Briscoe and Curtis practice at the police shooting range. Curtis teases Briscoe about his ancient pistol, and Briscoe jokes that Curtis's semi-automatic pistol is more likely to jam. Curtis argues that Briscoe's pistol only has six bullets, but Briscoe says that accuracy matters more than bullets. Nevertheless, when they reel in the targets to see how they did, Briscoe concedes defeat upon seeing Curtis's target.
"Ah, these goggles. The lenses are all distorted."
Curtis gets a phone call, saying they have a case.
Briscoe and Curtis enter a stable. Briscoe asks the on-duty officers where CSU is and why the area wasn't secured. The cops are surprised that the homicide detectives showed up. They say that someone else called it in, and they only responded. Curtis says that the two officers confirmed it and wants to know the corpse's first name — the officers only reported a 'Mister Wickets' dead. The witness says that the body's first name is Mister — the dead body is a horse. Curtis is unhappy about the trick, and the beat cops say that they thought dispatch would get the joke — they'd said that the victim had four legs and weighed half a ton. As Briscoe and Curtis leave, the witness — Susan Bauer — demands that they do something.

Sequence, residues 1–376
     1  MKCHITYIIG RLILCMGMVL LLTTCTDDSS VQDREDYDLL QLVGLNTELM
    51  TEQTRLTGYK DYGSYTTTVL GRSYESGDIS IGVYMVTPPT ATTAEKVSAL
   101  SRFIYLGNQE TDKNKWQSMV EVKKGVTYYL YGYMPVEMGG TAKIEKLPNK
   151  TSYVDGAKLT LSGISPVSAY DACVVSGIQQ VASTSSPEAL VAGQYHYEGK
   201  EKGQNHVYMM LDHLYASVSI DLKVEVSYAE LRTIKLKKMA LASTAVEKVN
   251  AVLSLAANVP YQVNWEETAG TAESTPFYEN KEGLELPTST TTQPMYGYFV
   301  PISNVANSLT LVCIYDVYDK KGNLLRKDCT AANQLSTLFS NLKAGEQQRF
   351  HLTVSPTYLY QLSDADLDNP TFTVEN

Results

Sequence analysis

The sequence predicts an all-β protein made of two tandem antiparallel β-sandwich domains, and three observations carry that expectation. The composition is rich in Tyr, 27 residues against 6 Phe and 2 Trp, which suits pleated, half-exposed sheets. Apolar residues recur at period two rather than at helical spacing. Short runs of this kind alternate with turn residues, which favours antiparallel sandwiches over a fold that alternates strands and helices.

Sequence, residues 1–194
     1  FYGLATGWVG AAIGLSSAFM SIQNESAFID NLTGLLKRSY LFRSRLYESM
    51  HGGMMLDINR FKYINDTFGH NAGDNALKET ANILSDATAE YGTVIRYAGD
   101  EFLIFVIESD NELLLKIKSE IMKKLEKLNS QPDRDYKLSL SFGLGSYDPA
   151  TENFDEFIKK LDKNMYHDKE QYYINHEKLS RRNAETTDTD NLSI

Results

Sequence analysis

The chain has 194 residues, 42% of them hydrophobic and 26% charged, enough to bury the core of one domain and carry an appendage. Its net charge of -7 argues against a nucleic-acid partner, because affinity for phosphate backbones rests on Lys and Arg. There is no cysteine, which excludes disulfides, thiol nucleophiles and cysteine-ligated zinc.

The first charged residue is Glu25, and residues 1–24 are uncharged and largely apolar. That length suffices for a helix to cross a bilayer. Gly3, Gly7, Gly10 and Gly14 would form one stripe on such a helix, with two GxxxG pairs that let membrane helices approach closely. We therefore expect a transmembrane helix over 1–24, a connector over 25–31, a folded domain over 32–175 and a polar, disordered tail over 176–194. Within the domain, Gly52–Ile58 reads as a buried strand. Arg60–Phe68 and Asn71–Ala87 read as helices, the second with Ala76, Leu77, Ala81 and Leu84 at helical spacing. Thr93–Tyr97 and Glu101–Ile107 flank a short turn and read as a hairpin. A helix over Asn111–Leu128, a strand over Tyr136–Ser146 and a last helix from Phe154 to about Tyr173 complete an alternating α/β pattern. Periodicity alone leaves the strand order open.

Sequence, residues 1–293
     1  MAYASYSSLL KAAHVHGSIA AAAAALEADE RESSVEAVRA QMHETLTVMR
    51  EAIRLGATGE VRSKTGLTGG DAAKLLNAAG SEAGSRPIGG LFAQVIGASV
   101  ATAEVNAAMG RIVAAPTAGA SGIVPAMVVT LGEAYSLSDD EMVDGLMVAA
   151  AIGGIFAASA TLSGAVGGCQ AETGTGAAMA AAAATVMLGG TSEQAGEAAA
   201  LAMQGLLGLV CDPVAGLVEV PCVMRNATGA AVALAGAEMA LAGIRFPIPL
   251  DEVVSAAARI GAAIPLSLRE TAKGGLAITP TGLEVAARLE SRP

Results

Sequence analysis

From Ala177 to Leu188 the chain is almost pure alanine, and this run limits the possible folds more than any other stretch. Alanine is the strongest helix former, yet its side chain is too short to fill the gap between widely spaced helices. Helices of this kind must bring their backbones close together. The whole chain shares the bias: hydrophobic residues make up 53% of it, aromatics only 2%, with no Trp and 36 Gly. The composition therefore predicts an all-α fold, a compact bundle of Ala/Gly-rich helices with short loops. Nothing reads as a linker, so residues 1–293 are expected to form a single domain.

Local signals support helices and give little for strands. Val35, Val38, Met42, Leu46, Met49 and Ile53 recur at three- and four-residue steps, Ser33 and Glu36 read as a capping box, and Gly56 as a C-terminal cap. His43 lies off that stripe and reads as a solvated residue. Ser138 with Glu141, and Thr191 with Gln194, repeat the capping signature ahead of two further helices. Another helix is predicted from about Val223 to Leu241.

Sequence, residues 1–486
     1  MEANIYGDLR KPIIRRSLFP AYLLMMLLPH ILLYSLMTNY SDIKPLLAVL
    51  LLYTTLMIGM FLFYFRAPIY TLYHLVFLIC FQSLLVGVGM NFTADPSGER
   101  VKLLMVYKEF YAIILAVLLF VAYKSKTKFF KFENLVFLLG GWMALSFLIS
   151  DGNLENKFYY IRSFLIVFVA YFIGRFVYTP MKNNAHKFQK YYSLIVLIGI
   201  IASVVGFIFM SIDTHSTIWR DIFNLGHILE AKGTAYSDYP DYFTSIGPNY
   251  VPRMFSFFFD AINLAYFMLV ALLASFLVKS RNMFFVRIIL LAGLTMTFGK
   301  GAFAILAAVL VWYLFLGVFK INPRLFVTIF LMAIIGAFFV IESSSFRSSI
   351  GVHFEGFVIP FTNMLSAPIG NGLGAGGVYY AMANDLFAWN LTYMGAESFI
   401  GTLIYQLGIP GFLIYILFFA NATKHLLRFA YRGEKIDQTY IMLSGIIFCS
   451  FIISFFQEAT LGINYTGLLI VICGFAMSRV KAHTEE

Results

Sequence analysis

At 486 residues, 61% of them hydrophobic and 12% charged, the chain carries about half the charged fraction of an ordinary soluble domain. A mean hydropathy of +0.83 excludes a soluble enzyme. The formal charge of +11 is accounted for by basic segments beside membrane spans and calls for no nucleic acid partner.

"Miss, we're not the horse police."
She says that she saw a suspicious man in a green oilskin jacket leaving the stable, hiding his face. Briscoe wants to know how she's so certain the horse was killed and didn't die of natural causes. Bauer says that the only possible natural cause is colic — a blocked colon — but the horse had just execrated, so its colon clearly wasn't blocked. The only only possibility, she says, is that someone killed the horse. Bauer is distraught, but can't stop the police from leaving until she says that the horse was worth half a million dollars — he was a show horse who was only in town because his truck broke down.